What is the history of the Lamborghini Countach?

Over its 17 year production, few cars have captured the imagination and fascination of a generation of boys like the Lamborghini Countach.  This is the history of the Lamborghini Countach.

Few cars capture the excess of the 1980s than the Lamborghini Countach. By 1980, the Lamborghini Countach had already been in production for nine years.

The Lamborghini Countach works because it is from an era when automobile designers had complete control of the creative process, free of regulatory and statutory restraints.

The 1970s were a time of unbridled invention and one of the most pivotal periods in design history. These years shaped many accomplishments from the arrival of the Space Age and the dawn of the Computer Age. The Countach captured the essence of modern design in automotive form, making it a “must-have” poster for the wall of every adolescent male. In addition, it was able to establish itself as an aesthetic and performance icon while still in production, earning a place in the annals of world automotive history.

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The 1971 Countach LP 500 “concept vehicle.”

Following the success of the Miura, Ferrucio Lamborghini pushed his team to produce a suitable replacement. This was no simple task. The year was 1970, and the replacement for the Miura had to be faster and more technologically advanced.

Lamborghini retained the 12-cylinder engine of the Miura. However, it was enlarged to 5 liters, and its location was changed from rear transversal to rear longitudinal. Paolo Stanzani, the company’s technical manager, invented a new technical solution that enabled changing the location of the engine. He relocated the transmission in front of the engine right behind the seats, placing a propeller shaft inside the engine block.

Marcello Gandini, Carrozzeria Bertone’s head of style, moved away from the rounded curves that defined the Miura and the 1960s and instead opted for a shallow and broad design with sharp edges, very unique in terms of automotive design.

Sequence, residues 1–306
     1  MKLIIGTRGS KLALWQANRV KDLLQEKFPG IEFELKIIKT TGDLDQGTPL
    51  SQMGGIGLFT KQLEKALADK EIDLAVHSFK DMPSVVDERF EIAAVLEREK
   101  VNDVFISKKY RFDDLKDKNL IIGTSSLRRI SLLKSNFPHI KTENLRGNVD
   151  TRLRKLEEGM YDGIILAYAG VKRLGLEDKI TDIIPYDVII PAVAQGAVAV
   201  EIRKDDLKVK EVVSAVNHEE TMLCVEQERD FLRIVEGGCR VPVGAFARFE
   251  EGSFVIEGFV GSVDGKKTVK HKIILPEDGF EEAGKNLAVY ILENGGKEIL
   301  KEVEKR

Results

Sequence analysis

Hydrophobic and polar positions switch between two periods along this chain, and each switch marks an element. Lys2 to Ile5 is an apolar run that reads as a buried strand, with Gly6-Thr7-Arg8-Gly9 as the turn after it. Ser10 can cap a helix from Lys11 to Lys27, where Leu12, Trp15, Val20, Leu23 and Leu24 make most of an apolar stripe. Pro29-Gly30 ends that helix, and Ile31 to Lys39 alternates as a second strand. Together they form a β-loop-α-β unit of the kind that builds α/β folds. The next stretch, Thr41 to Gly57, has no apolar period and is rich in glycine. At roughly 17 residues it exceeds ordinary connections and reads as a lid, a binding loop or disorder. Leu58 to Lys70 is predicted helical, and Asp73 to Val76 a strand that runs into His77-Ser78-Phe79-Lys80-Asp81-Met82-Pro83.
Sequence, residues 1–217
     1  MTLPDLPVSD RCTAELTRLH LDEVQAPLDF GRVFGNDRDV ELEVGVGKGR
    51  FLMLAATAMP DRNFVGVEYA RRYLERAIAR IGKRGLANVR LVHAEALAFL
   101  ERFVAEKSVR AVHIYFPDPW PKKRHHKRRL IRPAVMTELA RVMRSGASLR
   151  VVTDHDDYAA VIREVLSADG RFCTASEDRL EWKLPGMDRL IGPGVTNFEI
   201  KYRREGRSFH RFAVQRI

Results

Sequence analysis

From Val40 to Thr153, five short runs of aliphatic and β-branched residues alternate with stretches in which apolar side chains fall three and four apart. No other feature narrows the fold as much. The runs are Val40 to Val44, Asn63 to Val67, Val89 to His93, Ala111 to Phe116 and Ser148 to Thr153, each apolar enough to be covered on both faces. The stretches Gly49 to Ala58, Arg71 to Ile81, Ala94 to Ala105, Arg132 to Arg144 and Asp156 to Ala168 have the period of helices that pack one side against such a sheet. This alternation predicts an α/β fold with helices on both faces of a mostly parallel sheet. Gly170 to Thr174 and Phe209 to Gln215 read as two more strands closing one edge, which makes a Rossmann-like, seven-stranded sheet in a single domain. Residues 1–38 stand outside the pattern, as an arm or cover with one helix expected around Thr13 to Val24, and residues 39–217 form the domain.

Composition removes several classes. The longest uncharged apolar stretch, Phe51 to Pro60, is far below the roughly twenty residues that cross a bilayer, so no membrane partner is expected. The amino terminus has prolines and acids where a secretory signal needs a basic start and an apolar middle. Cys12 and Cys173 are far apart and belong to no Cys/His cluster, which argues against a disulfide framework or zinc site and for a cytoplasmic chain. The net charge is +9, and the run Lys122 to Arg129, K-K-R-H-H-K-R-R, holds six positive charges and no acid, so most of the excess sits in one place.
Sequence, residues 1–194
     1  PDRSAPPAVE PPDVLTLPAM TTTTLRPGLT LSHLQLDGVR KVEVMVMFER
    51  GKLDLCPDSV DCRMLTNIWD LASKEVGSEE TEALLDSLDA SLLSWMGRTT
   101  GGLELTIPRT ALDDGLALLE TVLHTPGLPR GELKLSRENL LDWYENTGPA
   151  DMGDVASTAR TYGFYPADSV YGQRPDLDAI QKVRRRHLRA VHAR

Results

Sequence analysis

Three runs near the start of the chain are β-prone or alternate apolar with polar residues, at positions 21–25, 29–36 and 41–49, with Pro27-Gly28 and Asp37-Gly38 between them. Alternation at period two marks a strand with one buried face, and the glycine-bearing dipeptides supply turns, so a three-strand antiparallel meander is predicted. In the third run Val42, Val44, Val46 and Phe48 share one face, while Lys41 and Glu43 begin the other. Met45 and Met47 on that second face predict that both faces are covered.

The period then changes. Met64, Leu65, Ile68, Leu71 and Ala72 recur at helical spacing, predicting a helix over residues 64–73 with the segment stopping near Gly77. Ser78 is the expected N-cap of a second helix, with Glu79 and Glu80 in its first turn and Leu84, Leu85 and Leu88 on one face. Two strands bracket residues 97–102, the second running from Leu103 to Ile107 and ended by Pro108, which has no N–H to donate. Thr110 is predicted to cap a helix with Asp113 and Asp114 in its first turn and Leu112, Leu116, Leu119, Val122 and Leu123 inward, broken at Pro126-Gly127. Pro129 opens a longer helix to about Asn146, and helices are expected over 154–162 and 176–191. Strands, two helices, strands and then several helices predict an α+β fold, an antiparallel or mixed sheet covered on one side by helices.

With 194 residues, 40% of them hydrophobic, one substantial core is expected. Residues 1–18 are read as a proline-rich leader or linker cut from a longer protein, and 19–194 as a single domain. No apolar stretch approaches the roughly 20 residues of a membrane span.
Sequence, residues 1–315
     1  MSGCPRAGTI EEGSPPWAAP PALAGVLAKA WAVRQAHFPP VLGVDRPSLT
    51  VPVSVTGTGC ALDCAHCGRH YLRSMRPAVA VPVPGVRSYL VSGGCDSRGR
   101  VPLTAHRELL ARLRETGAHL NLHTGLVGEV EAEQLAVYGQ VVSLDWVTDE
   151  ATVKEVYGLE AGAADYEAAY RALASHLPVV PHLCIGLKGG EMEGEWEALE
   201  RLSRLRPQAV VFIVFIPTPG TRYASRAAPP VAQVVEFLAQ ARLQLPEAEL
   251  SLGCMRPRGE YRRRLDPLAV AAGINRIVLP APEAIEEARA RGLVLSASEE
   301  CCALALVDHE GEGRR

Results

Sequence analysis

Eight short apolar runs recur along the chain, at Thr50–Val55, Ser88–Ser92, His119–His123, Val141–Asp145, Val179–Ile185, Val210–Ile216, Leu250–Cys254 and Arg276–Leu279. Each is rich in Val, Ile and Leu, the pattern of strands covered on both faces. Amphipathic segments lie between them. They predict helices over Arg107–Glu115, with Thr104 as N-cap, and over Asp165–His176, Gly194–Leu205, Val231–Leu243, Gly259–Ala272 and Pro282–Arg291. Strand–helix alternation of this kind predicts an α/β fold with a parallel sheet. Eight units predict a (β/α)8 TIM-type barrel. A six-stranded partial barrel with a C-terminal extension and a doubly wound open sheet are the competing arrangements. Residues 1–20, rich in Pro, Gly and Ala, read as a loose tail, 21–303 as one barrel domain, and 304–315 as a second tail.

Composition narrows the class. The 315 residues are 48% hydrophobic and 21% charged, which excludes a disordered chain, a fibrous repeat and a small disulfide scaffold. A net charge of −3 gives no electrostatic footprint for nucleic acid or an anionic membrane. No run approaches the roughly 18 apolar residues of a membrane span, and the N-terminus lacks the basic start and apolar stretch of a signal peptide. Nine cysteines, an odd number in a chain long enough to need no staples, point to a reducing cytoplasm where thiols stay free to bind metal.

The unique scissor doors were designed out of necessity because of the height of the chassis. It also added several millimeters in breadth to make climbing into and out of the vehicle easier. The scissor doors have not only defined the Countach but every 12-cylinder vehicle to come out of Sant’Agata Bolognese since.

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What is the source of the word “Countach”?

The word “Countach” initially surfaced while creating the prototype, known as the LP 500. The term is an exclamation used in the Piedmontese dialect of Italy to express surprise and enthusiasm for something.

The first generation, the Countach LP 400, was introduced in 1973.

Upon its debut, the Countach LP 500 was a huge hit. Once commercial viability was established, a production design was created, approved, and quickly put into production. Two years of intense work was the time it took to take the Countach from prototype to production form. Much of the time was spent testing on the roadways of Italy. As a result, many changes were made as a result of testing to the production version of the Countach, particularly with engine cooling. The characteristic side Naca air intakes and ducts were added, and the front of the vehicle was raised a few centimeters to increase airflow.

Extensive testing uncovered problems with the 5-liter V-12 engine, prompting Lamborghini to use a 4-liter engine instead. With chassis #1120001, the Countach LP 400 made its formal premiere at the Geneva Motor Show in March 1973. The final production version was nearly identical to the prototype.

From a technical standpoint, the LP 400 differs from the Countach LP 500 by utilizing a tubular trellis frame instead of self-supporting construction. It also uses aluminum body panels instead of steel panels.

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What are the mechanicals powering the Countach LP 400?

The 4-liter engine found in production vehicles produced 375 horsepower at 8000 pm and had a top speed of over 180 miles per hour. The suspension was inspired by race cars, with adjustable double shock absorbers at each wheel and an anti-roll bar at the rear axle. In addition, it had self-ventilating disk brakes with a racing-specific caliper.

Lamborghini produced 152 units of the LP 400, until 1977. Many consider it to be the purest version of Marcello Gandini’s design and is now the most sought-after version of the Countach.